A history of mathematics with a focus on the crisis of foundations that developed in the 19th century and culminated in Godel s Incompleteness theorem in 1930 It is a story about the rock solid certainty of mathematics being shaken by uncertainties in its foundations This is an undertold story about how the queen of the sciences and the epitome of the dream of reason has been called into question in the times it was supposed to triumph In a time where so much of our civilization depends on m A history of mathematics with a focus on the crisis of foundations that developed in the 19th century and culminated in Godel s Incompleteness theorem in 1930 It is a story about the rock solid certainty of mathematics being shaken by uncertainties in its foundations This is an undertold story about how the queen of the sciences and the epitome of the dream of reason has been called into question in the times it was supposed to triumph In a time where so much of our civilization depends on mathematics, it is a bit worrisome that it isn t as solid as it was believed to be in the past I think the author overplays the drama a bit in the narrative still it is a big development


  5. Nick Nick says:

    This book was about the history of mathematics, its foundations and the fact that those foundations are shakier than we have all been lead to believe Unfortunately, the author is incredibly long winded This book is much longer than it should have been While I enjoyed the historical sections and the premise is interesting, it takes him hundreds of pages to get to the point It s almost as if he had no editor I would have liked a Cliff s Notes version of this book The full enchilada Not so This book was about the history of mathematics, its foundations and the fact that those foundations are shakier than we have all been lead to believe Unfortunately, the author is incredibly long winded This book is much longer than it should have been While I enjoyed the historical sections and the premise is interesting, it takes him hundreds of pages to get to the point It s almost as if he had no editor I would have liked a Cliff s Notes version of this book The full enchilada Not so much


  6. Jean-Luc Jean-Luc says:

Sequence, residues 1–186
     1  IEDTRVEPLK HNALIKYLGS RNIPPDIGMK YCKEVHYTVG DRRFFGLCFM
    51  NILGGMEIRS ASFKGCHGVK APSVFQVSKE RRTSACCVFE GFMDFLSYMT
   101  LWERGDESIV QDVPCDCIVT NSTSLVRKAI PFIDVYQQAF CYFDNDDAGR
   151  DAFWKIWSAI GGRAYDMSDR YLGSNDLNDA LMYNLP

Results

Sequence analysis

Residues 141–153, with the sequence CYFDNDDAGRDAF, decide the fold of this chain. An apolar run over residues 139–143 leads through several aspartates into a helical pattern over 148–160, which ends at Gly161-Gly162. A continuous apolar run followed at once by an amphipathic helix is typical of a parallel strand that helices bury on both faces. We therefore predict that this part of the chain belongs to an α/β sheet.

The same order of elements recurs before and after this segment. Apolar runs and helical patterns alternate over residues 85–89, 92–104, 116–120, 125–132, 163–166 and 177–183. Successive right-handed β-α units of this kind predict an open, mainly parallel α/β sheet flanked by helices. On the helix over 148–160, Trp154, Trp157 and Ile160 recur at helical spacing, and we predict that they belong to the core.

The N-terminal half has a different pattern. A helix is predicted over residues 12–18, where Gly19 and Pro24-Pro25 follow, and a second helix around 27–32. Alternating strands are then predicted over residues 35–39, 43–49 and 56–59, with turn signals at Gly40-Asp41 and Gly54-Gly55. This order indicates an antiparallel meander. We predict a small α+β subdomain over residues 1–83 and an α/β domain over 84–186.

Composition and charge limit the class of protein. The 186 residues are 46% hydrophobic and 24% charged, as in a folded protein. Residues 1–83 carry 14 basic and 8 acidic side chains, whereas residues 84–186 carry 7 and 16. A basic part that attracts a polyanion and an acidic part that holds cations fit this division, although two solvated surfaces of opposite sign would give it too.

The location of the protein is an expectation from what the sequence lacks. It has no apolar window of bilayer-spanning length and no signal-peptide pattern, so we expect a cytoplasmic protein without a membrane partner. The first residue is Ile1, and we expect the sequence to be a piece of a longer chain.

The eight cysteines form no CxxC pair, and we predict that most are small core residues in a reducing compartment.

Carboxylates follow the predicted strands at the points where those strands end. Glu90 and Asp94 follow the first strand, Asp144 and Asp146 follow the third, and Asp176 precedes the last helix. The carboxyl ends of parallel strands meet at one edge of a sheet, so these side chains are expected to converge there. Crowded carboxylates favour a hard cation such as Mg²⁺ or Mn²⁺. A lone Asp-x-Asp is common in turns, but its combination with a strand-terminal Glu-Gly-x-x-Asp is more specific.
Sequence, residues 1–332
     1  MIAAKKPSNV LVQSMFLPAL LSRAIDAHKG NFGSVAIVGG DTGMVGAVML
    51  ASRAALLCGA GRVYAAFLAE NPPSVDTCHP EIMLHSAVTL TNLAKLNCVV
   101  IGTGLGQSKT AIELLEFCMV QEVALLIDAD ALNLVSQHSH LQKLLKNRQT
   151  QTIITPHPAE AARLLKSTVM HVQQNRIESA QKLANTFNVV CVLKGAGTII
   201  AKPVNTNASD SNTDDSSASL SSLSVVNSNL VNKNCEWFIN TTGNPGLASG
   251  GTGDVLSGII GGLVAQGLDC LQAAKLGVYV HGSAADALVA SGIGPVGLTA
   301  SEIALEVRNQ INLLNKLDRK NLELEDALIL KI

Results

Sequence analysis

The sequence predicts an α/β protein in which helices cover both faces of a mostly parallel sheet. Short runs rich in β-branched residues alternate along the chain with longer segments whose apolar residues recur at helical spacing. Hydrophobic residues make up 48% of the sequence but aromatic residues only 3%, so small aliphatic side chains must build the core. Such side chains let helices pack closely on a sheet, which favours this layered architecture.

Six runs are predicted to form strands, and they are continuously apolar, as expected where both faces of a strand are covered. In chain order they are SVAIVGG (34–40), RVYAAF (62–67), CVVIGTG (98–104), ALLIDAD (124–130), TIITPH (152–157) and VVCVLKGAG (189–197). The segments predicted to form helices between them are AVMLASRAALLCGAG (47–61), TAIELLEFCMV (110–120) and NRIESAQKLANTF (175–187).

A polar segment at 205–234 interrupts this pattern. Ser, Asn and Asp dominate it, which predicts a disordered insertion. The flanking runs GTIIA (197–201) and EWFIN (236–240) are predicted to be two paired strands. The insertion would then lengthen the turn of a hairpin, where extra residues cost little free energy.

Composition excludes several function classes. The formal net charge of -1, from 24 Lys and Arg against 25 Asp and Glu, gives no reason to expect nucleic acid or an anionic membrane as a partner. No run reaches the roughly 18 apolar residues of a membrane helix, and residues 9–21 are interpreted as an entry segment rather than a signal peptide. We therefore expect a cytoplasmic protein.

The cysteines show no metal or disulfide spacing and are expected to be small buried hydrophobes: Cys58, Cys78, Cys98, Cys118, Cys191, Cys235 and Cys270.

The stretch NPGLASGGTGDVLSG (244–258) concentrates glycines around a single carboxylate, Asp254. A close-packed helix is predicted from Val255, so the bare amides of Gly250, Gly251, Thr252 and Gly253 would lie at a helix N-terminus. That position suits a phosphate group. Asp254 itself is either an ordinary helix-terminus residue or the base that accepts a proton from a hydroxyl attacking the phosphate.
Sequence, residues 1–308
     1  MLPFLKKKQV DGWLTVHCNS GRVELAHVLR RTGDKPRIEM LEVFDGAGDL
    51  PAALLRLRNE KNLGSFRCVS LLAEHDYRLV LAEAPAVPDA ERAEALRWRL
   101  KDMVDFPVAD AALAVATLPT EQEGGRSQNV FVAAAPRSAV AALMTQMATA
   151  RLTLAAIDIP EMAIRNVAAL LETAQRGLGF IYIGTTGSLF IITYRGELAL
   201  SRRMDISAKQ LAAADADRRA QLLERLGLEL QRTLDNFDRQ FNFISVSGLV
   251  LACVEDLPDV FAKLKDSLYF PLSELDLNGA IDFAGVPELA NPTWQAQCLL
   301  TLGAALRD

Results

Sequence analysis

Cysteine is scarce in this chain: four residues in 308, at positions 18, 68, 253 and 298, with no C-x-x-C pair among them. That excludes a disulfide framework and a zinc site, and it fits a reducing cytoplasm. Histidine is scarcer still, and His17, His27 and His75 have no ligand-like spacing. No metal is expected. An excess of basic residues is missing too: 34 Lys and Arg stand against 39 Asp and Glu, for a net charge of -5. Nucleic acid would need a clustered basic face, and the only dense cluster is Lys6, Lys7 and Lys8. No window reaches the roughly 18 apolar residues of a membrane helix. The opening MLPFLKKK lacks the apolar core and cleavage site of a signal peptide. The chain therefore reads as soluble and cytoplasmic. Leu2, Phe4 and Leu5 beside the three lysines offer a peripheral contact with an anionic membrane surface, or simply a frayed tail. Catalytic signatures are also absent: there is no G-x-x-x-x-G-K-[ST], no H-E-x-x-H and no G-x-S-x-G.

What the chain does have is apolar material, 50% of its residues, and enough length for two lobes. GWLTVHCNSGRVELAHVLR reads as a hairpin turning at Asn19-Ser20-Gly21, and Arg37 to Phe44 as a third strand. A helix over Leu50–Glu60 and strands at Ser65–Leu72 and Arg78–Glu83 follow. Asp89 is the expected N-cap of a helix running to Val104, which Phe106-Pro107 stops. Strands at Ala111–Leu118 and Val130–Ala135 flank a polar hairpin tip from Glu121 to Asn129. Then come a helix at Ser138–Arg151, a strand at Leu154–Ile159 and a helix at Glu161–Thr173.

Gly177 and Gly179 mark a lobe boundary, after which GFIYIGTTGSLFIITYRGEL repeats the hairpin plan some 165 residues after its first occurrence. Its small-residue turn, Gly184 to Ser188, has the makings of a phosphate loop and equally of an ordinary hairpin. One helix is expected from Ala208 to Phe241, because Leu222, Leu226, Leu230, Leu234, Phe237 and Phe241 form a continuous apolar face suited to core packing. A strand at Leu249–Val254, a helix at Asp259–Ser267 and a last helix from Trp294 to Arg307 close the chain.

Picked this up on a whim in a Seattle used book store, because I m addicted to buying books and because I thoroughly enjoyed Kline s Mathematics for the Nonmathematician I thought I knew this story well mathematicians believed Euclid s 5 axioms were the law and couldn t conceive of changing them Then, one day, people realized one of those axioms was malleable I thought wrong the story is muchinteresting.This book is a detailed guide to the history of the philosophy of mathematics It c Picked this up on a whim in a Seattle used book store, because I m addicted to buying books and because I thoroughly enjoyed Kline s Mathematics for the Nonmathematician I thought I knew this story well mathematicians believed Euclid s 5 axioms were the law and couldn t conceive of changing them Then, one day, people realized one of those axioms was malleable I thought wrong the story is muchinteresting.This book is a detailed guide to the history of the philosophy of mathematics It covers 4 schools of thought logicism mathematics can be reduced to logic, and therefore is a part of logic intuitionism mathematics is a mental human activity irregardless of what happens in the physical world formalism mathematics is the manipulation of formal systems of axioms set theorists mathematics starts with Zermelo Fraenkel set theory with the axiom of choice.My disrespectful definitions would enrage adult mathematicians but, luckily, I don t work w any Lucky because this boils down to whose kung fu is the best In a martial arts flick, the opponents will taunt each other, dance around, and trade blows, but there can only be one winner In math, there s lots of taunting and dancing, but no winners Not joking about the taunts, there are plenty These schools are not compatible, and it is a wonder that these great men got any work done when they devoted so much time to insulting each other.Math started out as a quest to uncover God s design, the pursuit of science as worship Soon math s successes are are so grand, its practitioners wonder if they can do away w God entirely As time honored truths crumble under scrutiny, fear grows that math is entirely faith based, a religion whose adherents best path to success is the extermination of the unclean.The book ends w a diatribe against number theory and abstract topology, and a plea to return mathematics to its roots of addressing human concerns In 1980, when this book was written, number theory had been for thousands of years littlethan mental masturbation Today, number theory underpins literally hundreds of billions of dollars of online commerce in the US alone Buying and selling is indeed a human concern Despite Kline s extensive knowledge of both math and history, even he missed seeing that it is so very, very hard to predict what will and won t be useful.This is not a light, quick read I only recommend it to anyone already committed to studying history and mathematics I would definitely not recommend it to high schoolers, because it might turn them away from math altogether